Online Exhibits

Bridging the Gap


Types of Bridges

Arch Bridge over White RiverAn ARCH BRIDGE has one or more arches as the main support and abutments at either end. It is one of the oldest types of bridges.

Arch bridge, Highway 16, White River, Fayetteville (Washington County), 1940s. Marion E. Brown Collection (S-95-161-15)

 

 

 

 

 

 

Pratt Truss Bridge over Illinois RiverA TRUSS BRIDGE is made up of beams connected together and placed on abutments and piers.

Pratt through-truss bridge, Illinois River, Siloam Springs (Benton County), 1940s.
Bob Besom Collection (S-82-170-21)

 

 

 

 

 

 

Girder Bridge over Osage CreekA GIRDER BRIDGE has long horizontal beams placed on abutments and piers. The roadway deck is built on top of the girders.

Girder bridge, Highway 68, Osage Creek (Carroll County), 1950s-1960s.
Carroll County Heritage Center Collection
(S-84-211-112)

 

 

 

 

 

 

Suspension Bridge over White RiverIn a SUSPENSION BRIDGE, the roadway hangs from cables suspended from the main cables which are held up by towers. The cables are anchored on either end of the bridge.

Suspension bridge, White River, Beaver (Carroll County), November 6, 1994. Northwest Arkansas Times Collection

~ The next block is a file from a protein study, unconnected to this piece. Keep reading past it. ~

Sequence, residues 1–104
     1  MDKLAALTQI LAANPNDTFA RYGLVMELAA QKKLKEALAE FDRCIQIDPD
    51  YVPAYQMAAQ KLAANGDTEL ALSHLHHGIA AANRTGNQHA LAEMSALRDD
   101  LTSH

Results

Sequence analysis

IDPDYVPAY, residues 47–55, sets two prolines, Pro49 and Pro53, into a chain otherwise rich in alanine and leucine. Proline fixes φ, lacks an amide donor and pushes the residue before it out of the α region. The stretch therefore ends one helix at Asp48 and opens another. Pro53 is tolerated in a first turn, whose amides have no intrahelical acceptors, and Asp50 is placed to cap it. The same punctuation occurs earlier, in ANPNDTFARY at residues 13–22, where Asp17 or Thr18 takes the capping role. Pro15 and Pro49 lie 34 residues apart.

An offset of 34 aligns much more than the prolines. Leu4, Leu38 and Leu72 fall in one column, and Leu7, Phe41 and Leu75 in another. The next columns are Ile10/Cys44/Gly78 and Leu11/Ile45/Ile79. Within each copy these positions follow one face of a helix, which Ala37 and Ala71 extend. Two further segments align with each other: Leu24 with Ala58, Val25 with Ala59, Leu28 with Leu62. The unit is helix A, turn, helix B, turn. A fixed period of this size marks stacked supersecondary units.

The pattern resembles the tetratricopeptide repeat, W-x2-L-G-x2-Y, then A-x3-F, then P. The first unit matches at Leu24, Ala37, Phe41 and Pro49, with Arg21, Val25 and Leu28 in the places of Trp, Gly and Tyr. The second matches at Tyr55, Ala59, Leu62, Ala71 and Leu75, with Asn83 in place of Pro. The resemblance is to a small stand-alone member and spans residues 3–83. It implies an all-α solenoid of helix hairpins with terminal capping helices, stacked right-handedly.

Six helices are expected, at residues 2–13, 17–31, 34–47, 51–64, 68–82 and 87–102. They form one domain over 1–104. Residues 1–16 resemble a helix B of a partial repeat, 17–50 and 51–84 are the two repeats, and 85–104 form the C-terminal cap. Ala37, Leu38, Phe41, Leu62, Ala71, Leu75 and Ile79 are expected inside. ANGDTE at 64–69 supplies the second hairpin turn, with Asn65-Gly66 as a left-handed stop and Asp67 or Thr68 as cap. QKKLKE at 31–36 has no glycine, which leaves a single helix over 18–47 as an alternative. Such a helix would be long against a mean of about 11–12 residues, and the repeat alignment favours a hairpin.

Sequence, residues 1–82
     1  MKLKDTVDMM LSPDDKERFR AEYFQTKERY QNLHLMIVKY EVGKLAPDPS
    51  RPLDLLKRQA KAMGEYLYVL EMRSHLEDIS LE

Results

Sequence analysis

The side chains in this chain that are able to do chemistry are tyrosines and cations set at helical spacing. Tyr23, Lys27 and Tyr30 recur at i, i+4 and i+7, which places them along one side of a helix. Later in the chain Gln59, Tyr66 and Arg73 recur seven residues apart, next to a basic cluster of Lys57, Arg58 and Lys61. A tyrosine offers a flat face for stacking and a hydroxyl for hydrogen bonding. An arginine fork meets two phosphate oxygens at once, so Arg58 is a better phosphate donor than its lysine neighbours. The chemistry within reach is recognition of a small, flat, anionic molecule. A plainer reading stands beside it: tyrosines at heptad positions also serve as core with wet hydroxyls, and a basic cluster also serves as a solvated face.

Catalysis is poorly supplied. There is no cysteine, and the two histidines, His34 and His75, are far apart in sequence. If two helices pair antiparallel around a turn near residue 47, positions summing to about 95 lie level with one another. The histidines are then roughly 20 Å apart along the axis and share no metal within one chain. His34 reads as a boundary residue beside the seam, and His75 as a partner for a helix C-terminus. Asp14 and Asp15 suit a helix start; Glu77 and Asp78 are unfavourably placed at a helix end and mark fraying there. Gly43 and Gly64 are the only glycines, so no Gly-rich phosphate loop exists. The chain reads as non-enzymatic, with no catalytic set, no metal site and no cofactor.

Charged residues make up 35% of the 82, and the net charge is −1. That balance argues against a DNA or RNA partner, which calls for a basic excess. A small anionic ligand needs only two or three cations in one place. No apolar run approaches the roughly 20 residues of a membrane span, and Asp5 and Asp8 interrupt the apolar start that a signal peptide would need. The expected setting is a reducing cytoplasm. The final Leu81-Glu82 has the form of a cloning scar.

(NWAT 11-6-1994)

 

 

 


The choice of bridge is determined by many factors including length of span, available materials, cost, geographical terrain, geology, available work force, and weight needs. Truss bridges are made up of small pieces that are easily transported and put into place. They are economical to build because they make efficient use of materials. Suspension bridges make long spans possible. They can be as simple as ropes and wood planks hanging over a creek or as elaborate as a concrete and steel cable structure spanning a wide river. Concrete girder bridges are the most common bridges built today in Northwest Arkansas.


Bridge vs. Trestle

Types of Truss Bridges

Photo Gallery

Credits

Bridging the Gap Home

Online Exhibits Home


Photo of the MonthArtifact of the Month